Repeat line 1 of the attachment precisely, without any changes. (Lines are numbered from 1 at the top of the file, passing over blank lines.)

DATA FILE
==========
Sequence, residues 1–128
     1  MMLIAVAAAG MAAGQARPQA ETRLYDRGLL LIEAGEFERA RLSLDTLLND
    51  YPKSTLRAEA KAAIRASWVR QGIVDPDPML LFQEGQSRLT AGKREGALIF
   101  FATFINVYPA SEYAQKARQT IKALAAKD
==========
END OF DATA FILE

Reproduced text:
Sequence, residues 1–128